She giggled. She kissed him on the cheek, then rested her head on his offending belly, draping her arms in a hug that didn’t even reach halfway around his waist.

“It’s a pillow of pudding!” She laughed and squeezed, making it slosh again.

His son tried to squeeze on, but there wasn’t enough room. “I want Daddy’s pillow!”

“Wait for your turn,” his wife said.

And then his face did crumple. But he was laughing, too.

15 comments:

Jude Hardin said...

He sat alone in the next room, where the shy and the uncool and the too cool had escaped to, where there was less pressure to have fun.

Love that!

Great story, Natahsa. Very insightful. I think you really nailed how an aging man in that position might feel.

Melanie Avila said...

I really like how you've taken HIS perspective and made him sympathetic. You've nailed the disgust you can feel for yourself when things don't go the way you want -- whether it's physically or what have you.

Because you did such a wonderful job with this whole piece, I felt the very last sentence detracts from the mood you've set.

Erica Orloff said...

This just about made me cry. Really emotional and powerful, I thought.

Can I also say I thought you did an extraordinary job with the senses--sounds, rhythms of sounds, and touchs (the squishy belly). A few words to paint such a strong, emotive scene.

A couple of times, I thought you were leading me too much as a reader, and telling me what I should think. One spot was "Like a loser, he hid behind the tree." I didn't think you needed "Like a loser." I thought let me just figure out the shame he feels.

But the minor "tells" aside, I thought this was REALLY, REALLY, really strong. Great!!!!

Natasha Fondren said...

Thanks, Jude! I was pretty depressed when I wrote it, and it was funny how the worse off I made him, the better I felt. Weird.

Natasha Fondren said...

Melanie, I was uncomfortable with the ending, too. I felt like there should have been something at the beginning to stitch to the ending. Plus, yeah, I couldn't figure an ending. Yeah, good point, completely agree. Must think on that.

Natasha Fondren said...

Thanks, Erica! *blushes*

Yeah, I'd meant those to be more of a deeper third, as a statement of how he views himself. I'd had two more, but on re-read, I thought the same thing as you for the first two. Must delete the last two! I don't think they're needed at all.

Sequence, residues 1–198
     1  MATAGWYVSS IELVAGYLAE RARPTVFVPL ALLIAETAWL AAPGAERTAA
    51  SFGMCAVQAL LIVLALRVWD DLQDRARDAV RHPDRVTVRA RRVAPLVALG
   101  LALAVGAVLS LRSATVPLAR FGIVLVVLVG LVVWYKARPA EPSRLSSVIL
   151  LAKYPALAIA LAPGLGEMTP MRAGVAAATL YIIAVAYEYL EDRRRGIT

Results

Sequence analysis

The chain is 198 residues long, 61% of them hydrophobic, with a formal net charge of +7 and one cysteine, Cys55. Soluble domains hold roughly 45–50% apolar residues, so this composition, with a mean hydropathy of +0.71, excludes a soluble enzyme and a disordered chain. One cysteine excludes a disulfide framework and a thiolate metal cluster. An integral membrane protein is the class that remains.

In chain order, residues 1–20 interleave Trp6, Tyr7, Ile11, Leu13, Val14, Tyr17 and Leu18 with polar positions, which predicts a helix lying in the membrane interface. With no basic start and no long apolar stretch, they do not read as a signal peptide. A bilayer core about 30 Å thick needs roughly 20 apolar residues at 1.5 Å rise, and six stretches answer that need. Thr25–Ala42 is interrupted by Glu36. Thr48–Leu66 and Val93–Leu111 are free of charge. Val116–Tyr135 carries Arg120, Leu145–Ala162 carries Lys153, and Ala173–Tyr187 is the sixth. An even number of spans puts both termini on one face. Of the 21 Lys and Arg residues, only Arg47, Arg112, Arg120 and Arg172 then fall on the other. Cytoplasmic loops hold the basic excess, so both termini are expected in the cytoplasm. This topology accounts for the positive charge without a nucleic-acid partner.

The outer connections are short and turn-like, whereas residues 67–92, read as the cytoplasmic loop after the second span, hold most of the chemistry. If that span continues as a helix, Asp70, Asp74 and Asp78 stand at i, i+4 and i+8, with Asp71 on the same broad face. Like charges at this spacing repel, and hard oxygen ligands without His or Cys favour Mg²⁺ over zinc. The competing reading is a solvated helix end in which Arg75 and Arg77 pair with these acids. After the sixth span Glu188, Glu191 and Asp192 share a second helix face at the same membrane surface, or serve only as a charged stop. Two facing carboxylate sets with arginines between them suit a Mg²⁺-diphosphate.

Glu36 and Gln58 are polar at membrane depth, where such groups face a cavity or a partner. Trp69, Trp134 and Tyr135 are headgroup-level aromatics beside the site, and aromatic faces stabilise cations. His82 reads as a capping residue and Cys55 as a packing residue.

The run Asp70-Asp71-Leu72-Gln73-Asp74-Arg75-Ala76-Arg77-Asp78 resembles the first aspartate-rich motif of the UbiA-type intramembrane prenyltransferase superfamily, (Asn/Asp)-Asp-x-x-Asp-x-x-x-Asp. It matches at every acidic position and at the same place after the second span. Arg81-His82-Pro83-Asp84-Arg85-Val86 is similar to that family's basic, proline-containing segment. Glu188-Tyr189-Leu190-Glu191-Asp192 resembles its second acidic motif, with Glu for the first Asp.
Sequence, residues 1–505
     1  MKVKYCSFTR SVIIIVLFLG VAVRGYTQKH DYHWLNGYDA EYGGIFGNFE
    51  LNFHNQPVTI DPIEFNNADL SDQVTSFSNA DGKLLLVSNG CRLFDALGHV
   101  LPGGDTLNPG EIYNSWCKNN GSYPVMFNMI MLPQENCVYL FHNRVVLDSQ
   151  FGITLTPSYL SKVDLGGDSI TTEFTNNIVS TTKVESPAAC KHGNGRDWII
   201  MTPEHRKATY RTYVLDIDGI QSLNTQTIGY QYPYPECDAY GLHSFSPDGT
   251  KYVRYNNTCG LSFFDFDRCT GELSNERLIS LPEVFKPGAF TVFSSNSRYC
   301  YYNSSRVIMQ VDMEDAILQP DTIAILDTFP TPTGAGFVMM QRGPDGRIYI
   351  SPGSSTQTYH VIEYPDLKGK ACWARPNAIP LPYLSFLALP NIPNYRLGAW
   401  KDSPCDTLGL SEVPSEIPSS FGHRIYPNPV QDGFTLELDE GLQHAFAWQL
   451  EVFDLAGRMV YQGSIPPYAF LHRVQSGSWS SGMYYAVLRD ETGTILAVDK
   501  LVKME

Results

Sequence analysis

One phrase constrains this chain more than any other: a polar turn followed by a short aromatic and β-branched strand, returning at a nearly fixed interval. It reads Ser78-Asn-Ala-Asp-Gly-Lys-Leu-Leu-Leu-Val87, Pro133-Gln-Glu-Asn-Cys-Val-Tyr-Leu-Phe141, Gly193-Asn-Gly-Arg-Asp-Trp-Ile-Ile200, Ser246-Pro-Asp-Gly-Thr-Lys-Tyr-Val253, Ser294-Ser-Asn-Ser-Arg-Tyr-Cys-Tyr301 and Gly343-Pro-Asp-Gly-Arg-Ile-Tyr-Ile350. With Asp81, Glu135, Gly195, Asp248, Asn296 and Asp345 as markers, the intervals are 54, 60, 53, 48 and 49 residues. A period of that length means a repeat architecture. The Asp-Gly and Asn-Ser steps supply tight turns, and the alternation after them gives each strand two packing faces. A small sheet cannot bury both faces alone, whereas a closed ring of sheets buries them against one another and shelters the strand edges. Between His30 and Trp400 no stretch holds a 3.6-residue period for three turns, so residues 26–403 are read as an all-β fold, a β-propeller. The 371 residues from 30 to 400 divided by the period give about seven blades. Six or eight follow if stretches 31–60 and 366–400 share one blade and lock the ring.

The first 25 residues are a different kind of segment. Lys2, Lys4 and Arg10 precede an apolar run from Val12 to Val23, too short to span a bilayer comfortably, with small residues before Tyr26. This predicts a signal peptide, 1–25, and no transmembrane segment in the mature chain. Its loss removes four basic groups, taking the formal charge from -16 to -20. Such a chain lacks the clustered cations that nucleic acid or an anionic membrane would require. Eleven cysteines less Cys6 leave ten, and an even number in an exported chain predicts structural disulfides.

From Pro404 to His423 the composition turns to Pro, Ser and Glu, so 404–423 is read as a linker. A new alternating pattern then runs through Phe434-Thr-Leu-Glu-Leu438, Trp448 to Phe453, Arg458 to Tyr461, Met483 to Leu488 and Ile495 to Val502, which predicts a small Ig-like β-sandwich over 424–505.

LurkerMonkey said...

Natasha,

Nice! As always, I find it interesting the major themes that run through the various stories. Of the five people who wrote this time, you and me both saw humiliation. And you did such a good job at inhabiting the character.

I loved a few things in particular: your visceral descriptions of his viscera at some point began to disgust and embarrass me, which means it worked beautifully; I thought his recognition of his wife's disgust was just heart-wrenching; the fat failure fat failure repetition was great; and the abject humiliation of standing in a circle with his zipper down is just cringe-worthy.

I kind of agree about the last line. It would have still worked for me without it ...

Edie Ramer said...

Natasha, I felt for him. I wanted it to turn out to be a mistake and someone else was going to be fired instead. If that was your intention, it worked with me.

Natasha Fondren said...

Thanks, Jon! Thought I knew what visceral was, but had to go look up viscera. :-) I love that sentence, LOL! I was a bit worried the zipper thing was overkill.

Yeah, the ending isn't meshing for me. But would it work just to lop off the last sentence? I wasn't convinced the next-to-last or the one before that worked as much of an ending, either...

Natasha Fondren said...

Aww, sorry, Edie. :-) He still gets fired. I guess I was thinking that the things we hate about ourselves are not as disgusting to others as they are to ourselves, that they might even be what others love about us. And I guess I was doing some poking at the way our society seems to pair success with weight, which is sorta mind-boggling to me.

Merry Monteleone said...

Natasha,

This was really well-rendered. About halfway through, I started wondering where it was going, he knows he's getting the axe before they know he knows... my mind automatically went for ways to get even - sinking the company, shooting his boss.

Ah, well, I'm a sucker for a happy ending that way :-)

I like the way you ended it though. Especially the way he interacts with his daughter.

Melanie Avila said...

I think if you dropped the last sentence it makes his situation even more desperate -- there's no hint of happiness in him even though his children clearly love him. It's like that just makes it worse for him because he doesn't feel deserving.

Natasha Fondren said...

Oh YES, Merry! Now you've got my mind going. Revenge can be so fun, LOL! I'd love to see his boss get her comeuppance. Or maybe especially the boss's friend.

Thanks! :-)

Natasha Fondren said...

Melanie, that's making sense. I'm thinking I tried to force a happy ending, but a happy ending is not quite realistic in so short a story, and particularly in so short a time with this man. Maybe just the sliver of hope is good enough, leaving readers to imagine the rest of the story and hope that the MC eventually gets that he's loved and has worth?

Charles Gramlich said...

terribly sad and yet kind. Very real, this one.